In other words, if you’re going to have a drink, have a drink, and drink what you enjoy. The effects of the alcohol will so overshadow the few grams of carbs that might be present in your drink that it usually just doesn’t matter.

For the record though, I seem to recall wine only having around 3 grams of carbs per 5oz glass. Drinking a mixed drink actually makes it a lot easier to get yourself in trouble, because when you add coke/juice/etc, you’re adding a lot more sugar.

As for beer, I’ll just throw out a reminder that all light beer is basically “low carb” beer, but as I said above, the alcohol’s effects are much much more pronounced than anything the few carbs will add, so it’s not that big of a deal.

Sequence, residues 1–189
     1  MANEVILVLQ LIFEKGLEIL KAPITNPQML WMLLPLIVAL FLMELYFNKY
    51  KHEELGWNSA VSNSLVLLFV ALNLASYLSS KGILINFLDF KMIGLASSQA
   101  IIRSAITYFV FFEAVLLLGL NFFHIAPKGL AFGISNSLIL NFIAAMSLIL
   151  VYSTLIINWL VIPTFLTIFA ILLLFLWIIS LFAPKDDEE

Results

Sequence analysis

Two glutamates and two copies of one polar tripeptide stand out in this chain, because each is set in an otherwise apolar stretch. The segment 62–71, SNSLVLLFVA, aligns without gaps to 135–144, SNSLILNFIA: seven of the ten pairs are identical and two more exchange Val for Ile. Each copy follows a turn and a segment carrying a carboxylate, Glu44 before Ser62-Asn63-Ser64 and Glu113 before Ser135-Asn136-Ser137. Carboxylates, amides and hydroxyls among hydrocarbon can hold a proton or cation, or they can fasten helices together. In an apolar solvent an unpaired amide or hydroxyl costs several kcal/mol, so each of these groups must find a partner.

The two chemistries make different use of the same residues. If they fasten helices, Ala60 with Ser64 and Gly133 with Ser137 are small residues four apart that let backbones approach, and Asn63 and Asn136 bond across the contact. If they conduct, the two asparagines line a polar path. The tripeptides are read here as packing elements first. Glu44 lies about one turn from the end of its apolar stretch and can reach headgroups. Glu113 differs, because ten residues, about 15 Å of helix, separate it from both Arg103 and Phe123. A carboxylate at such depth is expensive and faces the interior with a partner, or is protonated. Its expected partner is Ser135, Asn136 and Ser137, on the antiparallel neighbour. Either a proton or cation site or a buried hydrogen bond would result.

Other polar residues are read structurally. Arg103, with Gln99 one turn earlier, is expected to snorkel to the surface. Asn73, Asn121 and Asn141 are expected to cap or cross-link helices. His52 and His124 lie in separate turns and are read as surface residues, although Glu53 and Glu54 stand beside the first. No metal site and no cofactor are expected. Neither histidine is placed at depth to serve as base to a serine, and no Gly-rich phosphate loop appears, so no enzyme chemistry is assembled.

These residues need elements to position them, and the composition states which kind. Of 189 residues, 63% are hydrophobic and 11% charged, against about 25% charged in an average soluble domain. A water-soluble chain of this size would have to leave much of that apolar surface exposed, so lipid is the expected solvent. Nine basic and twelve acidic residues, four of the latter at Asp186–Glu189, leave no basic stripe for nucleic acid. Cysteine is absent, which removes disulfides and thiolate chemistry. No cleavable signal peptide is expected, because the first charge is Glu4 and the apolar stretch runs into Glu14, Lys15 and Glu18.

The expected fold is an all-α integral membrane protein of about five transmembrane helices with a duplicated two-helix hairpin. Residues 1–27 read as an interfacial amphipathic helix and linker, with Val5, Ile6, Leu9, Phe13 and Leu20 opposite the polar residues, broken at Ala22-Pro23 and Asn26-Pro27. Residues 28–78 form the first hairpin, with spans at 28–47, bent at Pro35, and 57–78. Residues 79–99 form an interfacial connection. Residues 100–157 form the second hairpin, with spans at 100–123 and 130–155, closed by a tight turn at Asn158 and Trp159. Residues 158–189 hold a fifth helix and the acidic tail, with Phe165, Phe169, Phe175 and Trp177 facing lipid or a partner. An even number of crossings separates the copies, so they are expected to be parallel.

Just remember to drink in moderation. The less alcohol, the less effect. . . and the less calories! (Alcohol is not exactly a “low calorie” item.)

[quote]CoachMorris wrote:
Hey Clark,

You are right. After my next workout I’m going to do a blast of coke, a 40oz and maybe smoke some weed. Stupid High Horse, keeping me from all that fun.[/quote]

You are an illogical mf, with your slippery slope logic. I thought this was an intelligent T-forum. All I wanted to know was why and how beer was bad and one of the posts explained that it was the alcohol and not the carbs that was the most physique damaging characteristic of beer.

It is you who should go to a meeting. Dumbshits Anonymous


So far, we’ve been arguing about the severity of post-workout effects of alcohol on normal males. Let’s shift focus for a moment and consider the abnormal male. A male like myself – aged 22, born with hypogonadism, and on permanent TRT.